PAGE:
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however, before sharing my thoughts and perspectives on the recent developments, i'd like to start by talking about my priorities for the bilateral relationship, and how it could be transformed into a long-term partnership based on mutuality of benefit. distinguished guests, pakistan-u.s. relationship as most of you are well aware is as old as pakistan itself. over the last seven decades, we have pursued common goals inspired by shared ideas and common objectives. we have achieved remarkable successes whenever we have worked together. i have a long personal association with this relationship. in my diplomatic career, spanning over 30 years, i have seen good times and challenging
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times. however, despite occasional differences in turbulence, , the importance of the relationship and the need to stay engaged has never been lost on either side. for pakistan, our relationship with the united states remains a consequential and significant one. we are the fifth largest country in the world in terms of population, a vibrant democracy, and nuclear power with a strategic location at the cusp of southwest and central asia and approximately to the persian gulf. we also have an active and well-placed pakistani american community that enriches all facets of american society. the united states is also pakistan's leading trading partner and a significant source of foreign direct investment.
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and surprisingly, given pakistan's status as a major asr english-speaking nation, american colleges and universities remain a destination of choice for young pakistanis looking to fulfill their dream. all this makes pakistan a significant player in its own right and a natural partner of the united states for building a strong, sustainable and long-term relationship encompassing security, economy, business, and people to people contacts. we, therefore, do not see our relationship with the united states through the prism of another country and would not want to be seen through the prism of another country. in this backdrop, i arrived in washington determined to work towards building a relationship that is broad-based and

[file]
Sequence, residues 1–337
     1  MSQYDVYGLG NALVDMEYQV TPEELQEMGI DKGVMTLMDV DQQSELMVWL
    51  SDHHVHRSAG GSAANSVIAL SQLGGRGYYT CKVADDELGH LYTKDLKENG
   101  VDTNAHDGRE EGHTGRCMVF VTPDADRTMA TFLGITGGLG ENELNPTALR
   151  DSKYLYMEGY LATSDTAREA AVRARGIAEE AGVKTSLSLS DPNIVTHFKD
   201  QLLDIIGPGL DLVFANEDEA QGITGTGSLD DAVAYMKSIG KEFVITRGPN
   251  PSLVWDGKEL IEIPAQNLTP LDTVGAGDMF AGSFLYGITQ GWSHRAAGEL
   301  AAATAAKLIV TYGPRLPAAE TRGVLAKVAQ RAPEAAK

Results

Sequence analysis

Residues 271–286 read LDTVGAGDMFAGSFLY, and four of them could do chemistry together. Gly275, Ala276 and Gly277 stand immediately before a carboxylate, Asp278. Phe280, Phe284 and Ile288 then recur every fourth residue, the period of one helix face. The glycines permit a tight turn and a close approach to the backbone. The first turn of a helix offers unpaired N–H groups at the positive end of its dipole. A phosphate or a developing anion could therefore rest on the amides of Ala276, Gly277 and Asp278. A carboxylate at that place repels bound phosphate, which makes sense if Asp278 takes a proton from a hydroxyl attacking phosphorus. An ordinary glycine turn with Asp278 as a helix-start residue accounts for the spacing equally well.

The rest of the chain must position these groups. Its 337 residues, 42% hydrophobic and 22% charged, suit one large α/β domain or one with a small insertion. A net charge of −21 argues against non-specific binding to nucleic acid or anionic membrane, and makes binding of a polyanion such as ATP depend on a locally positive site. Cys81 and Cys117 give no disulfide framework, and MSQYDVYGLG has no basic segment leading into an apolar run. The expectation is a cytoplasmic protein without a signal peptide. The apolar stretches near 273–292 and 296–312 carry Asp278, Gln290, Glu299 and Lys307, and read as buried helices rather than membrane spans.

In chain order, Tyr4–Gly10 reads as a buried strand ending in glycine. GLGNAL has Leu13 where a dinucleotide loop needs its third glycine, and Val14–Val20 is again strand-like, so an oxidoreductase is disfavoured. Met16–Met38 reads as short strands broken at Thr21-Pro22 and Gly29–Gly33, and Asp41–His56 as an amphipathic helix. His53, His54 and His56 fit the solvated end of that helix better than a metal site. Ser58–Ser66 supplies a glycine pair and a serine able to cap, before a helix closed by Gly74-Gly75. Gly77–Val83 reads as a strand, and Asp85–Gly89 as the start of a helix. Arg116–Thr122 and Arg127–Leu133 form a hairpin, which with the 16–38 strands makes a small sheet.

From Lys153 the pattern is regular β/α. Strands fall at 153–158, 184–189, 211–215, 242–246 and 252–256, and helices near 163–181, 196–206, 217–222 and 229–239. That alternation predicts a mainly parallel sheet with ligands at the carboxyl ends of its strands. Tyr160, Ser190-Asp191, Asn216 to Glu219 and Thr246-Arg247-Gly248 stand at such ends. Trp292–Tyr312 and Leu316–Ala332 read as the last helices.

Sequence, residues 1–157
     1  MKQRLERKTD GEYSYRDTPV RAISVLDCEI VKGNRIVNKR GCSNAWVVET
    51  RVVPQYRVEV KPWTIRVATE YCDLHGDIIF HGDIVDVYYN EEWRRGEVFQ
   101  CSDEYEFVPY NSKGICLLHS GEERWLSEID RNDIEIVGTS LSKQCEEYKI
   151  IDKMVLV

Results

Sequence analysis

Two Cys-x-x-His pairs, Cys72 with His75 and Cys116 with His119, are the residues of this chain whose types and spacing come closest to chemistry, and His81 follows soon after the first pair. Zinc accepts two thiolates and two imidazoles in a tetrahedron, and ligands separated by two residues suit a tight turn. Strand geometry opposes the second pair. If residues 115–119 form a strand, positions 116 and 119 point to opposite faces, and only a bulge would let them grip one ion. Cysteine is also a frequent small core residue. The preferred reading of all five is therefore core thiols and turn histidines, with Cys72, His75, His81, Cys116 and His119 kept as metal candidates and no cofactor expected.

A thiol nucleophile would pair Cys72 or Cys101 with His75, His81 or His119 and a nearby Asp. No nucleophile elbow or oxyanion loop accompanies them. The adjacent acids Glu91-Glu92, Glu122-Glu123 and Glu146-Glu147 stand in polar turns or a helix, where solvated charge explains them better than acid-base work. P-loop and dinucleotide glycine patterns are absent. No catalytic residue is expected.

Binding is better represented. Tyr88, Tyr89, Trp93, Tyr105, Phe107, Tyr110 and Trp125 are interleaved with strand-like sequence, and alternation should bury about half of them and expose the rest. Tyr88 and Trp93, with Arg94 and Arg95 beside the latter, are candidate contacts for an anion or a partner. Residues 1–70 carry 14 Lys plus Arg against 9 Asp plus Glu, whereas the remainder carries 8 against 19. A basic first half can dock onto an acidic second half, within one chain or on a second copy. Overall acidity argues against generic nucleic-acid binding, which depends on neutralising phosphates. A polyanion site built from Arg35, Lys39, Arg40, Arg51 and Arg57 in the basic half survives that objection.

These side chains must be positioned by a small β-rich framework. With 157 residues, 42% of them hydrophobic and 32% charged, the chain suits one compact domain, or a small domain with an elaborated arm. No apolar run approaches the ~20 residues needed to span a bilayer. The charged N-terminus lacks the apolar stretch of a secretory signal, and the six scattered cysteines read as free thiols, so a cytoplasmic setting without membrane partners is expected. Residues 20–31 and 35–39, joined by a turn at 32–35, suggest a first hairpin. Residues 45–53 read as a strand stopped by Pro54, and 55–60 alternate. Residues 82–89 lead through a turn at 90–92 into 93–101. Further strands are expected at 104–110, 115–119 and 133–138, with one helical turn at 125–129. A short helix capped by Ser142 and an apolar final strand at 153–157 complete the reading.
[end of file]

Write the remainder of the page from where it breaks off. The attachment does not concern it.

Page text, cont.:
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comprehensive, as well as long-term and predictable. such a relationship, we are convinced, will not only serve the interests of our two countries but would also act as a linchpin for the future stability and prosperity of the nation. distinguished guests, my arrival in washington i must say is also auspiciously timed, as a can after pakistan has gone through a historic democratic transition with the new government in place and is a dynamic leadership of prime minister khan. the leadership that is committed to ensure pakistan into a new era. the government wants to build a new pakistan that can be translated as new pakistan, in order to pursue a people friendly, development driven, and peace centric agent. the whole trust of the new government is to create an
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enabling environment that would allow the people of pakistan to pursue their dreams and aspirations for personal growth, social mobility, and economic development and prosperity. to this end the government has already put in place a comprehensive plan designed to provide better access to health, housing, and education to the people of pakistan. similarly important steps promoting austerity, fiscal discipline and domestic resource mobilization, improving ease of doing business, enhancing competitiveness and productivity are being taken to deal with our foreign exchange and trade related challenges. we believe that with our much improved security environment, better control over our energy crisis, and development of a massive connectivity and transport infrastructure, pakistan is open for business.